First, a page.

In response to all this, I’m unveiling two complementary categories of character actors, inspired by the now-defunct Fametracker.com. First is the Not Gay Actor, a group of thespians who specialize in playing gay roles even though they themselves aren’t gay in real life. The patron saint of this bunch is John Hurt, who’s been playing gay in movies going back to the 1980s, because he’s thin, British, and has a speaking voice that’s all the way up here. In real life, he’s been married four times and has two kids, but he looks the part anyway. The same goes for Roger Bart and John Michael Higgins, who’ve both sung on Broadway as well. You might not know about Cécile de France, a handsome Belgian actress who looks great with short hair and played a lesbian serial killer in High Tension and a much nicer lesbian in L’Auberge Espagnole and its sequel, Russian Dolls. That qualifies her for this group, too. Most of the cast of The L Word could probably go in here, too.
The other group is the Not Straight Actor. Gay actors rightfully point out that their straight colleagues tend to win much more acclaim for playing against their sexual orientation than they do, so this is an undersung group. Nevertheless, it’s a pretty cool club. (Take note, closeted gay actors playing straight. You could be a part of this.) Neil Patrick Harris is the leader of this pack, because he’s multitalented and freakin’ cool, and I can’t wait to see him in next week’s episode of Glee singing Aerosmith’s “Dream On.” Rupert Everett could have been the leader if he hadn’t turned into a bitter old man, but he still makes it in for all those brooding, intense straight men he played in British dramas in the early 1990s. Sarah Paulson is currently on Broadway but has an extensive movie and TV resume that includes a number of romantic leads opposite men. (In real life she was involved with Cherry Jones, known to 24 fans as President Allison Taylor, but they’ve broken up.) Jane Lynch is here, too. She’s finally winning some widespread recognition for her work in Glee, but I was a fan of hers back when she was bizarrely coming onto Steve Carell in The 40-Year-Old Virgin. Ian McKellen tends to be cast in sexually neutered roles because he’s old, and that’s what tends to happen to old actors. Nevertheless, check out his legendary performance in the 1979 TV version of Macbeth, where the Scottish thane comes home after years of fighting a war and looks ready to jump all over Lady Macbeth (Judi Dench).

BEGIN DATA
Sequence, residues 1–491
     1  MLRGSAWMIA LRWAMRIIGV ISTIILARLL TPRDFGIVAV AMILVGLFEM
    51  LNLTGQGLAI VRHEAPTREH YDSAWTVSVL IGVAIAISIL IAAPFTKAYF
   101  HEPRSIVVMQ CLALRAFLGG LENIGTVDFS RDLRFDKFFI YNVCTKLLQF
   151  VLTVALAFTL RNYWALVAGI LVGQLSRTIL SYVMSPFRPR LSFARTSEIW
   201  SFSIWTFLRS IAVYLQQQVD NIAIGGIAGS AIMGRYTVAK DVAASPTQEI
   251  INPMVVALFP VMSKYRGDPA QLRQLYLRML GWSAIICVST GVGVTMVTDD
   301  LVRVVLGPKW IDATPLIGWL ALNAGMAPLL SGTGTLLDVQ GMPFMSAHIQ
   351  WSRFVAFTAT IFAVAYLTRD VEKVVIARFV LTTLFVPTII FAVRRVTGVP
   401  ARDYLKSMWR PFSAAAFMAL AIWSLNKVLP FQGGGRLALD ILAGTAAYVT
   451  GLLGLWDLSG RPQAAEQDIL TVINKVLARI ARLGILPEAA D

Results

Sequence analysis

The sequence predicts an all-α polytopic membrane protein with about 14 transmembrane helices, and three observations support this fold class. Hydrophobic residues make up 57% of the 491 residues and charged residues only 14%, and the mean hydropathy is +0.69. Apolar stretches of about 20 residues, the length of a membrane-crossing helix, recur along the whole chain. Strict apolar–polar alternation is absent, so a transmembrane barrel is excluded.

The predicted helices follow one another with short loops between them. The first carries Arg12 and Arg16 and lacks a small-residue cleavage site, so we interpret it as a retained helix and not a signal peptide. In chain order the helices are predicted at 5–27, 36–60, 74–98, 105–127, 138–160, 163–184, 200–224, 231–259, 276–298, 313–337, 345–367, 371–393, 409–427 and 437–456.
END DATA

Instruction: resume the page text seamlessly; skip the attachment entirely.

None of the Not Straight Actors are headlining movies in which they land Brad Pitt or Sandra Bullock, which I guess is what Setoodeh was ultimately driving at. However, progress in this area doesn’t always arrive all at once; a full generation elapsed between Hattie McDaniel becoming the first African-American Oscar winner and Sidney Poitier becoming the first bona fide African-American star. Of course, if some closeted A-list star comes out tomorrow, I’ll be offering up my applause on this blog. (The same goes if it’s a Supreme Court nominee, though that doesn’t appear to be the case right now.) The absence of any such people today means a lot of things. Too bad it proved to be beyond Setoodeh’s ability to tease them out. Ironically enough, Newsweek also ran a far more thoughtful article about Chely Wright and what her recently announced gayness means in the context of country music. That’s how you do cultural criticism.